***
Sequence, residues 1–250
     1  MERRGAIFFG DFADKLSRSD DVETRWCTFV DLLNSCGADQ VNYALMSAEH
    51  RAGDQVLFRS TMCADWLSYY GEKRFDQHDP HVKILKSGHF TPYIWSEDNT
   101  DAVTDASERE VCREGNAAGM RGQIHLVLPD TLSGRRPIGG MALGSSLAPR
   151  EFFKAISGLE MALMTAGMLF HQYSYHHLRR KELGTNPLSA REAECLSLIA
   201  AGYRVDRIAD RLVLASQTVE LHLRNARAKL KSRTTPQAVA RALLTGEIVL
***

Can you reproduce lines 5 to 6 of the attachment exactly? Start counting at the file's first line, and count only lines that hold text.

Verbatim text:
   151  EFFKAISGLE MALMTAGMLF HQYSYHHLRR KELGTNPLSA REAECLSLIA
   201  AGYRVDRIAD RLVLASQTVE LHLRNARAKL KSRTTPQAVA RALLTGEIVL